• recognise and discuss issues related to the responsible use of digital communication
  • understand and use the key elements of planning, composing, reviewing and publishing in order to meet the increasing demands of topic, audience and language
  • explore and analyse the effectiveness of informative and persuasive devices in texts
  • plan, draft and publish imaginative, informative and persuasive texts, choosing and experimenting with text structures, language features, images and digital resources appropriate to purpose and audience
  • compose imaginative and informative texts that show evidence of developed ideas
  • compose texts that include sustained and effective use of persuasive devices, eg texts dealing with environmental issues
  • compose increasingly complex print, visual, multimodal and digital texts, experimenting with language, design, layout and graphics
  • use a range of software, including word processing programs, learning new functions as required to create texts

A student uses an integrated range of skills, strategies and knowledge to read, view and comprehend a wide range of texts in different media and technologies

  • explain and justify the responsible use of digital technologies
  • recognise the effect of multimedia elements, eg film techniques, animation, voice-overs, sound effects, framing, close-ups
  • analyse how text structures and language features work together to meet the purpose of a text
  • recognise and compare how composers use a range of language features, including connectives, topic sentences and active and passive voice, to achieve their purposes

A student discusses how language is used to achieve a widening range of purposes for a widening range of audiences and contexts

  • identify and discuss how own texts have been structured to achieve their purpose and discuss ways of using conventions of language to shape readers’ and viewers’ understanding of texts
  • discuss how the intended audience, structure and context of an extended range of texts influence responses to texts
  • identify and explain characteristic text structures and language features used in imaginative, informative and persuasive texts to meet the purpose of the text
  • discuss the conventions of a range of complex texts, eg act and stage directions in plays, literary devices in poems and stories, layout conventions in print and digital texts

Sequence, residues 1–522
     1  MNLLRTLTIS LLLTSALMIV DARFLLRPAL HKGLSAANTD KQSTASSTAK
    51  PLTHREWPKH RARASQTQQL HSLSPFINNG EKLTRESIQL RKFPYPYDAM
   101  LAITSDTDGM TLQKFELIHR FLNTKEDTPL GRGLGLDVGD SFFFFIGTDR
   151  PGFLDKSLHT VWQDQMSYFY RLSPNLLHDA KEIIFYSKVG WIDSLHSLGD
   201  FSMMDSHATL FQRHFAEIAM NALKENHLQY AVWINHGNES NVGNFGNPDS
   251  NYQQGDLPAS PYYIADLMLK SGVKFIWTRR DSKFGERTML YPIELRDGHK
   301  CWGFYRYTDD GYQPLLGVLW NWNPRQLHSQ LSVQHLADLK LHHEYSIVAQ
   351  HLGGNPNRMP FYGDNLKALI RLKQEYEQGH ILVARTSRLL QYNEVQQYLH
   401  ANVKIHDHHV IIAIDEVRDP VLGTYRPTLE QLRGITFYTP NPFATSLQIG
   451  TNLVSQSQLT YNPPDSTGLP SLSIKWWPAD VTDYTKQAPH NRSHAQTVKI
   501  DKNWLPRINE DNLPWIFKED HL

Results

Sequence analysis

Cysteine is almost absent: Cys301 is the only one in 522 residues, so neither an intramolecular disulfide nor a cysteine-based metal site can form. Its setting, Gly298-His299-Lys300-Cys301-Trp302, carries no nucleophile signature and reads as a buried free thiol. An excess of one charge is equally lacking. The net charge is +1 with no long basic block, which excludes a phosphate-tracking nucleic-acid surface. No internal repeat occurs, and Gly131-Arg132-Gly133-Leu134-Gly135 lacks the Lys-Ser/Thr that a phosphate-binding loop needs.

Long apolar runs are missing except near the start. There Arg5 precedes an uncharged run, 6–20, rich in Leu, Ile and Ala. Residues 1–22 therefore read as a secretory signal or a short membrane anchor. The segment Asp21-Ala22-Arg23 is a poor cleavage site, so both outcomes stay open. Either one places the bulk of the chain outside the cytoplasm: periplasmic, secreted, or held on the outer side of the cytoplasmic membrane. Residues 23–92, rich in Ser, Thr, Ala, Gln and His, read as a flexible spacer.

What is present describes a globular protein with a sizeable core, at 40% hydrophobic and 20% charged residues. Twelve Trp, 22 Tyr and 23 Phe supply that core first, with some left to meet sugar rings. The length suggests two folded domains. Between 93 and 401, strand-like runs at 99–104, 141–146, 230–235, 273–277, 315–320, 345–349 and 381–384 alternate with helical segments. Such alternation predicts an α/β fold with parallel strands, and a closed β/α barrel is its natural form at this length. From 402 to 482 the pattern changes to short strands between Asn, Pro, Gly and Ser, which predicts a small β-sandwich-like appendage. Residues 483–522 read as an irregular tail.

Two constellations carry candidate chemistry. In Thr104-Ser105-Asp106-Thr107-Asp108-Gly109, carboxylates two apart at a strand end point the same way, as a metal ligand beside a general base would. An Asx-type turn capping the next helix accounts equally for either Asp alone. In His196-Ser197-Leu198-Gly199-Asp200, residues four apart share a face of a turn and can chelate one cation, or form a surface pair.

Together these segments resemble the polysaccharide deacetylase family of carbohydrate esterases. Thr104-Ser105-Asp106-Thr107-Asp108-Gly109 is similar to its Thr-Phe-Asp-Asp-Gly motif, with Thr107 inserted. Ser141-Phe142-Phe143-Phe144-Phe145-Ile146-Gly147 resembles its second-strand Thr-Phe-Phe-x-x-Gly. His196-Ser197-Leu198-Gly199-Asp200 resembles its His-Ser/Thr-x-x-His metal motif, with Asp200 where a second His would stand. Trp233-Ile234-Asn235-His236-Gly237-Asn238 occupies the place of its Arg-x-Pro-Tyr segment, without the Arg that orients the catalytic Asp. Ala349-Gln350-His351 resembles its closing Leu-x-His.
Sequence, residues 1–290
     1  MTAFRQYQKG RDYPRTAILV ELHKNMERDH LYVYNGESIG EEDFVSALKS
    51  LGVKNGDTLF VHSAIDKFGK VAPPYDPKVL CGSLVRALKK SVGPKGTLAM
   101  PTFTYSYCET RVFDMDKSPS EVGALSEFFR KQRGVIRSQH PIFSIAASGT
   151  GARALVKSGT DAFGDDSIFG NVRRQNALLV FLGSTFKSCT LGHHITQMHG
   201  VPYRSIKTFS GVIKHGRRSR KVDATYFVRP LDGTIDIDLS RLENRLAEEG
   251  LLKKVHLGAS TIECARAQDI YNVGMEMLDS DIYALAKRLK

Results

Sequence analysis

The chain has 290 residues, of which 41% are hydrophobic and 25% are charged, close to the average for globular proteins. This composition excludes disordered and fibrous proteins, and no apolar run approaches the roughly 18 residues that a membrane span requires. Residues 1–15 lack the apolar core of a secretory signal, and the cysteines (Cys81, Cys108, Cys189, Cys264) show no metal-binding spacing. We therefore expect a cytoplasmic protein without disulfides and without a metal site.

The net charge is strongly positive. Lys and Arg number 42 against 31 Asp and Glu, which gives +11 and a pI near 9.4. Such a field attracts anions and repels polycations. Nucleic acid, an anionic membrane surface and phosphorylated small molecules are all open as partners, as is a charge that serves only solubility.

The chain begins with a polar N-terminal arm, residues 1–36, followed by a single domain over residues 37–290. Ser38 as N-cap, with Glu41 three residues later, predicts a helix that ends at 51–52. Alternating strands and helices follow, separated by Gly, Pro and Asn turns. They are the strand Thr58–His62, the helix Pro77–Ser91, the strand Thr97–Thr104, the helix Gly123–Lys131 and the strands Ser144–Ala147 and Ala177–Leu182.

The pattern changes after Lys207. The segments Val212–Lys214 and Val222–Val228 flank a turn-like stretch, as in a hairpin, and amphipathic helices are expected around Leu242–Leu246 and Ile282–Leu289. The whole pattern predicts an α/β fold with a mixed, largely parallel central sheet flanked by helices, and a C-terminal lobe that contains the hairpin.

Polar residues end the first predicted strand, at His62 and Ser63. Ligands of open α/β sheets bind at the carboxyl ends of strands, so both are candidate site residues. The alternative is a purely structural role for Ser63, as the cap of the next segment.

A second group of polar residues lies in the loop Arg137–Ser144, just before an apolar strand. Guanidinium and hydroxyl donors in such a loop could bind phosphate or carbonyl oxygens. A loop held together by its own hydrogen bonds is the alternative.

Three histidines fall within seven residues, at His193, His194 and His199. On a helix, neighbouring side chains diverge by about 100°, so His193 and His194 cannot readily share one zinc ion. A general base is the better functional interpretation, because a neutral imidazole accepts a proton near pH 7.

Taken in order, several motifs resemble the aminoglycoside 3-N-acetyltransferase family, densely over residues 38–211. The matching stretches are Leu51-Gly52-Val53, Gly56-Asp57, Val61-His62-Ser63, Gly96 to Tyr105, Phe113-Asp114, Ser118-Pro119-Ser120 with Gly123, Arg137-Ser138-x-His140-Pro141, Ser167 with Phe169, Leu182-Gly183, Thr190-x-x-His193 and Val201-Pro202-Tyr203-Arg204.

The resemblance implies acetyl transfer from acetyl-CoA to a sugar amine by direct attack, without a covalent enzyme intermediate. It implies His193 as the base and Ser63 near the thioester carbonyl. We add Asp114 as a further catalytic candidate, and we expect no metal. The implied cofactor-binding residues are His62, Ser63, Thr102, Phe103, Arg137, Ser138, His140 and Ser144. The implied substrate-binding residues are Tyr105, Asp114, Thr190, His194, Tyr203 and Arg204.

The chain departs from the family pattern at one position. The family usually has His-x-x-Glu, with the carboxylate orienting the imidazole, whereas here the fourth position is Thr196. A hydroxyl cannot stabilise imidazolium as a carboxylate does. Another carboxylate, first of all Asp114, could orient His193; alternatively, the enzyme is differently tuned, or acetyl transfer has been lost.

• compose more complex texts using a variety of forms appropriate to purpose and audience
  • recognise the techniques used by writers to position a reader and influence their point of view
  • identify and use a variety of strategies to present information and opinions across a range of texts

A student uses knowledge of sentence structure, grammar, punctuation and vocabulary to respond to and compose clear and cohesive texts in different media and technologies

  • understand that language is structured to create meaning according to audience, purpose and context
  • understand that choices in grammar, punctuation and vocabulary contribute to the effectiveness of texts
  • select appropriate language for a purpose, eg descriptive, persuasive, technical, evaluative, emotive and colloquial, when composing texts

A student thinks imaginatively, creatively, interpretively and critically about information and ideas and identifies connections between texts when responding to and composing texts

  • recognise and explain creative language features in imaginative, informative and persuasive texts that contribute to engagement and meaning
  • create literary texts that adapt or combine aspects of texts students have experienced in innovative ways
  • explain own preferences for a particular interpretation of a text, referring to text details and own knowledge and experience
  • think critically about aspects of texts such as ideas and events
  • create literary texts that adapt or combine aspects of texts students have experienced in innovative ways
  • adapt aspects of print or media texts to create new texts by thinking creatively and imaginatively about character, setting, narrative voice, dialogue and events
  • interpret a range of texts, eg through role-play or drama, for pleasure and enjoyment, and express an analytical conclusion about those texts

A student identifies and considers how different viewpoints of their world, including aspects of culture, are represented in texts

  • consider how texts about local events and issues in the media are presented to engage the reader or viewer
  • understand how to move beyond making bare assertions and take account of differing perspectives and points of view
  • identify aspects of literary texts that convey details or information about particular social, cultural and historical contexts
  • identify language features used to position the reader/viewer in a wide variety of communication activities for a range of purposes, including debates, formal talks, interviews, explanations, anecdotes and recitations
  • identify and describe the representation of people, places and events in film and the media
  • compose a variety of texts, eg poetry, that reflect their understanding of the world around them

A student recognises, reflects on and assesses their strengths as a learner

  • begin to understand the difference between their way of learning and the way others learn
  • reflect on own learning achievements against specific criteria
  • recognise that there is a language for discussing learning experiences
  • discuss how the reader or viewer can enjoy and discover a wide range of literary experiences through texts
  • develop criteria for assessing their own and others’ presentations
  • critically reflect on the effectiveness of their own and others’ writing, seeking and responding to feedback
  • discuss and reflect on the roles and responsibilities when working as a member of a group and evaluate the benefits of working collaboratively with peers to achieve a goal